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Tofu finds its flavor 

Mixed with meat, it surprises even carnivores

Since Meatless Monday first became a thing in 2003, many people have taken to skipping meat one day a week for a New Year's resolution. The amount of resources — and the land required to grow it — used to produce meat could feed vegetables to a lot more people, with less greenhouse gas production and other environmental fallout. As awareness of where meat comes from becomes ingrained in mainstream understanding, many have sadly concluded that they should cut back on meat.

I'm fortunate to be able to shoot enough deer each year that I can avoid many of the ethical issues related to industrial meat production (hunting has its own set of issues). I eat a ton of wild game without compunction, but I sympathize with the purchasers of feedlot meat who want to reduce their consumption. While some meat eaters aren't ready to make this step, others are looking to take it a notch past a mere Meatless Monday. Both groups would do well to consider the ancient Chinese practice of mixing meat with tofu, which effectively cuts meat consumption in half for a given meal.

Meat lovers often look down on tofu as a bland substitute for their protein of choice. Indeed, protein content notwithstanding, they are nothing alike. You can't just swap tofu for meat and expect no one to notice. That much was clear to me when, as a young vegetarian, my dad tried to make me eat bean curd, as he called it, so I wouldn't become malnourished. Bean curd's culinary virtues, as he explained them, were based on its ability to absorb the flavors around it. While by itself tofu may taste like a more succulent version of chalk, if you cook it with yummy ingredients, it will taste similarly yummy.

Alas, when those accompanying ingredients are plant-based, as is the case with vegetarian tofu dishes, it's a laughable meat substitute. But when the accompanying ingredients are pork-based, another side of tofu emerges. While Swiss chard-flavored tofu might not satisfy a carnivorous hunger, bacon-greased bean curd is a proven winner.

My local Chinese restaurant does spectacular things with pork and tofu. One special combines slices of pork belly with dried tofu and mustard greens, and the "Chinese-style" twice-cooked pork is half tofu — nobody complains. The kitchen also cranks out a great version of the Szechuan comfort food mapo tofu, in which ground pork and chunks of tofu are cooked together with tongue-numbing Szechuan pink peppercorns (not related to black pepper), in a black bean chili sauce. In China, mapo tofu is so popular there are restaurants that serve nothing else.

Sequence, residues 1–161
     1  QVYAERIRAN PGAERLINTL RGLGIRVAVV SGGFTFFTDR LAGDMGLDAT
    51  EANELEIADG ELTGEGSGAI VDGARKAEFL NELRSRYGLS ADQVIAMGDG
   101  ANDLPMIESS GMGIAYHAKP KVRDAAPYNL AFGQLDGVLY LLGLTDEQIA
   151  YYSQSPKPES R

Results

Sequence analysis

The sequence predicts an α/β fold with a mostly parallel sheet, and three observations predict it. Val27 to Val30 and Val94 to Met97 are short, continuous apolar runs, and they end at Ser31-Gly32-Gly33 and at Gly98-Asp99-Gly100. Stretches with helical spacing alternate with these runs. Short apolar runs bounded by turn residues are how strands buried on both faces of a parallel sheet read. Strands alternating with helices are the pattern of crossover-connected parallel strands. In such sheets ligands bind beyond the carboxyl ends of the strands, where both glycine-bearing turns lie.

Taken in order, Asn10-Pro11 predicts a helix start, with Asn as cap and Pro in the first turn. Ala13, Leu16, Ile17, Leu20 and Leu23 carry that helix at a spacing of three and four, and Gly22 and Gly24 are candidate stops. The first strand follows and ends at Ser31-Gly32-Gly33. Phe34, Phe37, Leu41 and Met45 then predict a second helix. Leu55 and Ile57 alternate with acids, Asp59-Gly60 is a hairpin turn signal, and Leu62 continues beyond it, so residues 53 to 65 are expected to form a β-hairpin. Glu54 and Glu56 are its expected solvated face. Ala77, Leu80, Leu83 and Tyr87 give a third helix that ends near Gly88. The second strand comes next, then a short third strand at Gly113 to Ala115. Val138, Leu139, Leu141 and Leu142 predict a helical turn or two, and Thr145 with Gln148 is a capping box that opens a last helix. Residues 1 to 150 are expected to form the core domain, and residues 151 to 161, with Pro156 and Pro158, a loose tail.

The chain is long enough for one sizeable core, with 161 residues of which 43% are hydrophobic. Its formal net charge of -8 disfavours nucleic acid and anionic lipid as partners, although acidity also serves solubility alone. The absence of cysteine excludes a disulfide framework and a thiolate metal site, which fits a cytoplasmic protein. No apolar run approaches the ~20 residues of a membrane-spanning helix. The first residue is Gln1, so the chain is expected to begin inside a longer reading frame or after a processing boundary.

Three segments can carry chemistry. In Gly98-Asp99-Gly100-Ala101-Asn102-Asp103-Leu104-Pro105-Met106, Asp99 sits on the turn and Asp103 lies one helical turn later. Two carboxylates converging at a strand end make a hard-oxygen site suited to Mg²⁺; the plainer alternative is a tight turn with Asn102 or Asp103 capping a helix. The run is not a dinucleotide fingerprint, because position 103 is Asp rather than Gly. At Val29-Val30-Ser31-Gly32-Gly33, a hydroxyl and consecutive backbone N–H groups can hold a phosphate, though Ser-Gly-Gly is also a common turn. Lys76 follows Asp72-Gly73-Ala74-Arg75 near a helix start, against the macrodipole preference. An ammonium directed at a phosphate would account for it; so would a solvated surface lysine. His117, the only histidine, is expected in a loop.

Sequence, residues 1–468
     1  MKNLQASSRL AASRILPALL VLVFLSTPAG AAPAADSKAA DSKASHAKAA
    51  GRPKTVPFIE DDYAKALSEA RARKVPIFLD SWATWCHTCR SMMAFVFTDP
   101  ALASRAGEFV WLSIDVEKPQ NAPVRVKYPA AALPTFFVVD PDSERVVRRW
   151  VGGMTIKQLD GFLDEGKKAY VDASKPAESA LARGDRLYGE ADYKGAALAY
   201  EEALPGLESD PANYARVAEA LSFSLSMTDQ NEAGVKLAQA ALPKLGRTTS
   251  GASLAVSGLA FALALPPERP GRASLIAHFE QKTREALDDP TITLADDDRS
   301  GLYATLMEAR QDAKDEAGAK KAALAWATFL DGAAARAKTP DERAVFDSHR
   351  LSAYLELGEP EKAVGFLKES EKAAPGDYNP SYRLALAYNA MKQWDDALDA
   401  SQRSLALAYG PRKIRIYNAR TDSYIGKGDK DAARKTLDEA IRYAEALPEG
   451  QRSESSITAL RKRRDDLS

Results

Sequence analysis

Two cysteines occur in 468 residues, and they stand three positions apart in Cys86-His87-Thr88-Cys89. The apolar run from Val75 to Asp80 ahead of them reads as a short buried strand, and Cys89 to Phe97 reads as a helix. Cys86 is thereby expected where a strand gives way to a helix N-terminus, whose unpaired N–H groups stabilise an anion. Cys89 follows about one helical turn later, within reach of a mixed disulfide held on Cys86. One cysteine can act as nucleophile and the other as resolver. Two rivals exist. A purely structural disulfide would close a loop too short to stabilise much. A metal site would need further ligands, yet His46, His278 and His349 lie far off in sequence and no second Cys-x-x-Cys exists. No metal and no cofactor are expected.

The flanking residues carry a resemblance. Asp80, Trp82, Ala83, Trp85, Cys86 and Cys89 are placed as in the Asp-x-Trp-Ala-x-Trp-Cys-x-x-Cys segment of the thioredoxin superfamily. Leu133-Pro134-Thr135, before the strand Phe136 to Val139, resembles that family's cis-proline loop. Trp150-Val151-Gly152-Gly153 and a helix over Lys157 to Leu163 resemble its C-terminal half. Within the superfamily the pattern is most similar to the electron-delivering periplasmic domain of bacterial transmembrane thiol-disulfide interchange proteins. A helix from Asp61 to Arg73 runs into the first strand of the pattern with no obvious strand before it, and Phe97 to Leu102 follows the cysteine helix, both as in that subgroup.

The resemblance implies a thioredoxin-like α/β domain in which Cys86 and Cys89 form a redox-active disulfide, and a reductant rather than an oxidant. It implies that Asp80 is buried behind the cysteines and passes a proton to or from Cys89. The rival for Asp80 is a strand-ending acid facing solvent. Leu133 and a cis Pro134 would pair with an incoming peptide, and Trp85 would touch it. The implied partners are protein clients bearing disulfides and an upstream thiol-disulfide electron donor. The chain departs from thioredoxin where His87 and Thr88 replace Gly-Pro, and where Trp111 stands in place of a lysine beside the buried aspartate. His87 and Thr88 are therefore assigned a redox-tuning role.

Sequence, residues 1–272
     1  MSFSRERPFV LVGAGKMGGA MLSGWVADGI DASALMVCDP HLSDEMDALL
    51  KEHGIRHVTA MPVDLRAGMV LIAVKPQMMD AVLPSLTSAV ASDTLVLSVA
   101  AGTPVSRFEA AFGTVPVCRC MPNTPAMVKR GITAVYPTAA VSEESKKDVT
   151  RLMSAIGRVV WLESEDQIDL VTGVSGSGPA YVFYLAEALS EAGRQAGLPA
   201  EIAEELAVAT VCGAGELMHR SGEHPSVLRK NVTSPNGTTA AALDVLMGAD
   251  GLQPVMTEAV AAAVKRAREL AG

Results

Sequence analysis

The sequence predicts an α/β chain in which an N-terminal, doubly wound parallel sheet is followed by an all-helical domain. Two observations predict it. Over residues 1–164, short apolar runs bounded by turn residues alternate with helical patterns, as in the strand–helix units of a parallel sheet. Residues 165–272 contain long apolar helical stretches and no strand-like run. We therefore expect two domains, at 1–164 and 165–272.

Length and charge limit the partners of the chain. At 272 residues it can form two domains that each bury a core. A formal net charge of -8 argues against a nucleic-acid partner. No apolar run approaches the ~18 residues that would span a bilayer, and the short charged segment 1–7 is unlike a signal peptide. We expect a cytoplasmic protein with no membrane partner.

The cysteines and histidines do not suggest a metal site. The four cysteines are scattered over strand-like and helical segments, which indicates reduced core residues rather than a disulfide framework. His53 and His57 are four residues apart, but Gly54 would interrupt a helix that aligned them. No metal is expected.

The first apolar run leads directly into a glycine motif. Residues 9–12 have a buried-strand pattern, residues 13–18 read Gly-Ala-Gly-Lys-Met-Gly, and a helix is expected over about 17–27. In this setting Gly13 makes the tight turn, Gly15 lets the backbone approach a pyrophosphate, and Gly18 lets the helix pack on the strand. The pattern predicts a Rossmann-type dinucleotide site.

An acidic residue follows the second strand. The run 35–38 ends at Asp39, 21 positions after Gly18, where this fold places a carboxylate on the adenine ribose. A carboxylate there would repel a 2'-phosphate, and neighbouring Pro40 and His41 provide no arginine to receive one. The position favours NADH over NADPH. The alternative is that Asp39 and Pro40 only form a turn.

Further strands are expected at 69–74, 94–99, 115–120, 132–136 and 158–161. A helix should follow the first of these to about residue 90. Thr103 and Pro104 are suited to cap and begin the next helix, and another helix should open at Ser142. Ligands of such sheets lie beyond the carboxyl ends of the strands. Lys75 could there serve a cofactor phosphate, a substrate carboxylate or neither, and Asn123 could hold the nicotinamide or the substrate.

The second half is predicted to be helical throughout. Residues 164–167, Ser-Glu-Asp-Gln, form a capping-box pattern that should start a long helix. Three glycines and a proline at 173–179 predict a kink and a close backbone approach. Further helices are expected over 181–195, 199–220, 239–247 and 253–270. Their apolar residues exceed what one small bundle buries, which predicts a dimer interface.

Tofu and pork are cooked together in the cuisines of other Asian countries as well, including Korea and Japan, each of which has its own version of mapo tofu, and in Southeast Asian countries like Vietnam.

In the U.S., where tofu is still largely considered a meat substitute rather than having an identity of its own, the combination of pork and tofu is often considered an oxymoron. But I love everything about this counter-intuitive pairing, from the flavor to the sentiment behind it. Nothing screams "tofu is not a meat substitute!" quite like mixing it with bacon. In fact, tofu is actually a great meat extender. Adding a brick's worth of tofu slices allows you to use less meat than you would have, without feeling deprived.

One of the easiest ways to experience porky tofu is to fry it with bacon, in oyster sauce. Firm tofu is best for this. Start by frying the tofu in a little oil, and when it's nearly done to your liking add the bacon, chopped in one-inch squares. Stir gently so as not to break the tofu chunks. When the bacon is nearly done, add minced garlic. Stir it around for a second, then add a few tablespoons of oyster sauce, along with some white wine or water if the pan is dry. Serve with rice. Vegetables can be added to this dish as well, at different points, depending on how long they take to cook. I like to keep it simple with just one vegetable, like broccoli or kale.

I'm not often mistaken as a Chinese chef, but the results were impressive when I followed Marc Matsumoto's mapo tofu recipe that I found on the PBS Fresh Tastes blog (www.pbs.org/food/fresh-tastes/mapo-tofu). Matsumoto also discusses the meaning of the dish's name, which translates into something like "Pockmark-faced lady's tofu." Not the most appetizing name, but boy does it hit the spot. My pork-averse wife ate more than I did.

If you can get your hands on sprouted tofu, you should give it a try. Even raw, it tastes considerably better than succulent chalk, and has more nutrients than unsprouted tofu. Sprouted tofu is typically sold in firm bricks, rather than the soft variety that's best for Mapo Tofu. But with bacon and oyster sauce, firm sprouted tofu works great. And there is something deeply satisfying, on a semantic level, about eating sprouted tofu with bacon. It's like eating something that doesn't make any sense and shouldn't exist, like braised perpetual motion. This, and the amazing flavor of pork and tofu, can make cutting back on meat feel more like a gift than a sacrifice.

Ari LeVaux writes Flash in the Pan, a syndicated weekly food column that has appeared in more than 50 newspapers in 21 states. Learn more at flashinthepan.net.

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